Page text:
When I used the terms 'sosaku hanga' and 'dento hanga' in that story describing my work, I did so to try and categorize the two worlds as simply as possible. In reality, 99% of all 'hanga' activity here in Japan is now in the world of original prints. So as a result, modern printmakers of whatever genre - including lithographers such as yourself - simply think of themselves as 'hanga-ka' - printmakers. They would only add the term 'sosaku' if there was some possibility of confusion with people like myself, craftsmen working in the traditional side of things.

One side effect of this is that there is now no word in Japanese for a person like me. I cannot be simply described as a 'hori-shi' (a carver) as I do many other things. Likewise for 'suri-shi' (printer). 'Hanga-ka' refers only to people doing 'original' work ... The word 'shokunin' , generally translated as 'craftsman', comes close, but no Japanese shokunin would ever think of becoming involved with peripheral stuff to the extent that I do ... publishing ... essays ... web sites ... etc. . Their way of thinking is completely different. So I have no idea what I am.

As for the western world - what am I there? I think the word 'printmaker' implies an artist creating a design and then producing it in a graphic media. That is not me. What do they call those men who work as studio employees, manipulating the etching presses, etc.? Print technicians? Is that me? It sounds horrible!

> The other thing that strikes me about your prints is the smoothness of colour. I have never be able to get that even and smooth a coverage on a consistent basis. Mind you I prefer the speckle texture, however I know that some day I am going to want that and had better work on perfecting the technique.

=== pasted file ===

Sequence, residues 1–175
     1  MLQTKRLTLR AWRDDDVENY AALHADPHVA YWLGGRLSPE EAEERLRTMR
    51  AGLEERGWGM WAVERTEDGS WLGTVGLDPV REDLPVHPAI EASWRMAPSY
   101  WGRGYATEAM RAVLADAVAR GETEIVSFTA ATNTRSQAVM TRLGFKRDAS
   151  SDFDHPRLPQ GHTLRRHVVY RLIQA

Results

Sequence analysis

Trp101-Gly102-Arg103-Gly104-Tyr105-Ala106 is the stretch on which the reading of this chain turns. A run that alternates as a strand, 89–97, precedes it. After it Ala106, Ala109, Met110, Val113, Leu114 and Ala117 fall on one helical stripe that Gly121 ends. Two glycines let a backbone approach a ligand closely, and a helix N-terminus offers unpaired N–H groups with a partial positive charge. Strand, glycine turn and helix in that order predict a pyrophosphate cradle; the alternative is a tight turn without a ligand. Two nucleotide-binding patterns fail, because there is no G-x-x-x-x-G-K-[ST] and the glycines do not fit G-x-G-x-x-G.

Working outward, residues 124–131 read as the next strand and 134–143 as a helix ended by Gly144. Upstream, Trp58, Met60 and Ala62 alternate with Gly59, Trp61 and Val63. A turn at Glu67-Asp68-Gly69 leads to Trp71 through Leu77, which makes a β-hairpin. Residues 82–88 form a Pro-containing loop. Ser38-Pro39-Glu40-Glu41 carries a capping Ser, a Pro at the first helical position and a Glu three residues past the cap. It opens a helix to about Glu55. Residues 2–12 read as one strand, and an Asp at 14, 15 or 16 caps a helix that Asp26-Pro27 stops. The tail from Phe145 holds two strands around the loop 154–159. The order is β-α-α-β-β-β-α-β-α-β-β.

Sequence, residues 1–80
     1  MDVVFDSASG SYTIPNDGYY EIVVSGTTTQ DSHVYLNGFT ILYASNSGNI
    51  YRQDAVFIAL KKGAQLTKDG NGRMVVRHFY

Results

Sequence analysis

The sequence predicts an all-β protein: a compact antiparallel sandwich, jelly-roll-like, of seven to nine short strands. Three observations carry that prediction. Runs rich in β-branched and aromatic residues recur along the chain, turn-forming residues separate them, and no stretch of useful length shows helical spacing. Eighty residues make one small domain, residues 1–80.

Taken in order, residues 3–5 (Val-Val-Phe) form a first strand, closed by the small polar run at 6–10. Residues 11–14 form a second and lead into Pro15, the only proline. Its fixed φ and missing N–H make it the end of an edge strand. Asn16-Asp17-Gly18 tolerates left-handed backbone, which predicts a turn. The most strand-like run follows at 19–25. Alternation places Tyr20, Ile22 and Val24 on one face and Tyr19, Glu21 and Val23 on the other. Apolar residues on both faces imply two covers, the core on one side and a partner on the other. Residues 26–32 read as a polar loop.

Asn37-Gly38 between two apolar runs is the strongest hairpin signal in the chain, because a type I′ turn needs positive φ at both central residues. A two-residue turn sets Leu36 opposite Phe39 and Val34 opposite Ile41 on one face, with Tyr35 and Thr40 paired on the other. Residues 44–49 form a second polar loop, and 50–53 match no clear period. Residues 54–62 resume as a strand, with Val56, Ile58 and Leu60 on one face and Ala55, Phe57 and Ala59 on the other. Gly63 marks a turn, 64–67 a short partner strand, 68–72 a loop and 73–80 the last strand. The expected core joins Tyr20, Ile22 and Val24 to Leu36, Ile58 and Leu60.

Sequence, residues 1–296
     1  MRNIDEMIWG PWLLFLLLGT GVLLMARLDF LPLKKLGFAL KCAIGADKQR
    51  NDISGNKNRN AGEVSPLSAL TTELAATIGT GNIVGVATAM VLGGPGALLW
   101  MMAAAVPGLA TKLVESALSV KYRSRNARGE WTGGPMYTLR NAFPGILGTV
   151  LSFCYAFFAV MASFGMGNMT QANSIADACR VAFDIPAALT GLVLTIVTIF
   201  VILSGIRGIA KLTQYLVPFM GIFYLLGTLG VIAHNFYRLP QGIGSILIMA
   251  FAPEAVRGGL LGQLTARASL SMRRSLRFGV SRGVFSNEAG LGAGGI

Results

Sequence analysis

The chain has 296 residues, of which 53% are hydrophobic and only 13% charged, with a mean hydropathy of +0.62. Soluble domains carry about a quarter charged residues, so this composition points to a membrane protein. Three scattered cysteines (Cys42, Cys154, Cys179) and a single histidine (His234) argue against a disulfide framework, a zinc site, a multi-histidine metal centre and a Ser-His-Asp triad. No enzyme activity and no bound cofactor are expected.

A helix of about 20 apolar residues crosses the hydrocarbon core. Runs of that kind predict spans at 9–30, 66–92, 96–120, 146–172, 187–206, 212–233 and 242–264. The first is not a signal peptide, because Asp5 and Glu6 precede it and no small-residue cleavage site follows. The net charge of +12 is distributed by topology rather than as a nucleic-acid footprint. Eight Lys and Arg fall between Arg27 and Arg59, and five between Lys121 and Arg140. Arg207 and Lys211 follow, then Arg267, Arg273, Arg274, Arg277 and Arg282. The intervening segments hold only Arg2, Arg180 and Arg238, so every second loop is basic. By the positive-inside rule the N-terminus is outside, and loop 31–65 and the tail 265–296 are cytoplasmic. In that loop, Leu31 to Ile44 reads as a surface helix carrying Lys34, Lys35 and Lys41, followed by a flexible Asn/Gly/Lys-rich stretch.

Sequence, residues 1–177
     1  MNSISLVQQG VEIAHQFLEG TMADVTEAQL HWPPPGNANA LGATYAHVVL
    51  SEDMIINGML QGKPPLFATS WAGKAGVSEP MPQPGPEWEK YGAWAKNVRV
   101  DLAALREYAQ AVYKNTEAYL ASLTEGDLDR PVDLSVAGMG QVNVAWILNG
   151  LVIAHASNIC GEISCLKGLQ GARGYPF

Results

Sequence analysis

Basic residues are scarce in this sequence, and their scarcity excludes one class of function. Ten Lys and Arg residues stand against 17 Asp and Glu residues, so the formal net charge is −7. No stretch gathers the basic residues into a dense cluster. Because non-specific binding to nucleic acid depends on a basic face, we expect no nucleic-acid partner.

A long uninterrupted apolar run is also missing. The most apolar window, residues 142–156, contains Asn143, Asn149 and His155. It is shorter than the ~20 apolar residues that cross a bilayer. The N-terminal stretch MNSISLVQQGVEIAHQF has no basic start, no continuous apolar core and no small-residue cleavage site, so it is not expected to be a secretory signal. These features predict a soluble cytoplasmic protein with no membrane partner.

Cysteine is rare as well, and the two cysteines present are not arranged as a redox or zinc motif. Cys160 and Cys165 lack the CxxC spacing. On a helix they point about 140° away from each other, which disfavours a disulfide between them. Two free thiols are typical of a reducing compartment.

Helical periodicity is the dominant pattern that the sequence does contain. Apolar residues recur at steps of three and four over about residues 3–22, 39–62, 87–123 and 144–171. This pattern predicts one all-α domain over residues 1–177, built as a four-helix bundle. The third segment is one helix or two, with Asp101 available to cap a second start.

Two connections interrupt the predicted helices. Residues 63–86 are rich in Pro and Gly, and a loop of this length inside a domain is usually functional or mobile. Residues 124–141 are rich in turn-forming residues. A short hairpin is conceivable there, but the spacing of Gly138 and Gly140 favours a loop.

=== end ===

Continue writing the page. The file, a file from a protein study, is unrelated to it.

It's mostly due to the 'nori' (paste). Using quite a lot of paste, and no 'loose' water anywhere, either on the block, in the brush, or in the paper, makes for a smooth colour. The baren technique is also important - use a lot of 'tight' small circular motions, with quite firm pressure, rather than wider loose circles.


> On one print I notice the colours seem to be opaque and yet not, because they are printed over the black in some places and look transparent or at least translucent allowing the black to show through.

All my colour pigments are completely transparent. The only opaque pigment in my supply box is sumi ink. The black line is always printed first, and the colours then go on top.


> Do you use white as a filler and thickening agent?

There is no white at all in any of my prints. Any areas that seem white are simply 'bare' paper showing through where nothing has been printed. Japanese painters use the stuff called 'gofun' , a white powder made from shells, but woodblock printmakers can't use it as it is completely opaque, and covers the sumi lines. To produce lighter shades of a solid colour, we simply use more water in the pigment. Plenty of paste on the block avoids a 'watery' impression.


> Another thing I notice is that none of the colour bleeds through to the back of the print. Is this because the paper is barely dampened when printing?

I think the ideal is to have the colour sink in about three quarters of the way into the paper. If so much pigment and pressure is used that it actually starts coming out the back the resulting print will have a 'muddy' appearance (and there will also be problems with paper abrading from the baren ), but if the colour doesn't sink in deeply enough, it will appear weak. The paper is dampened to quite a high degree, and has a wonderful softness during the printing process. It is sometimes difficult to hold it in the air over the block. If the paper is too dry, it remains 'hard', and will not accept pigment readily. The resulting coloured areas will be full of 'white' speckles where the colours haven't made good penetration.

I always enjoy answering questions related to Japanese traditional printmaking. If I don't know the answer myself, I'll call up one of the old guys who does!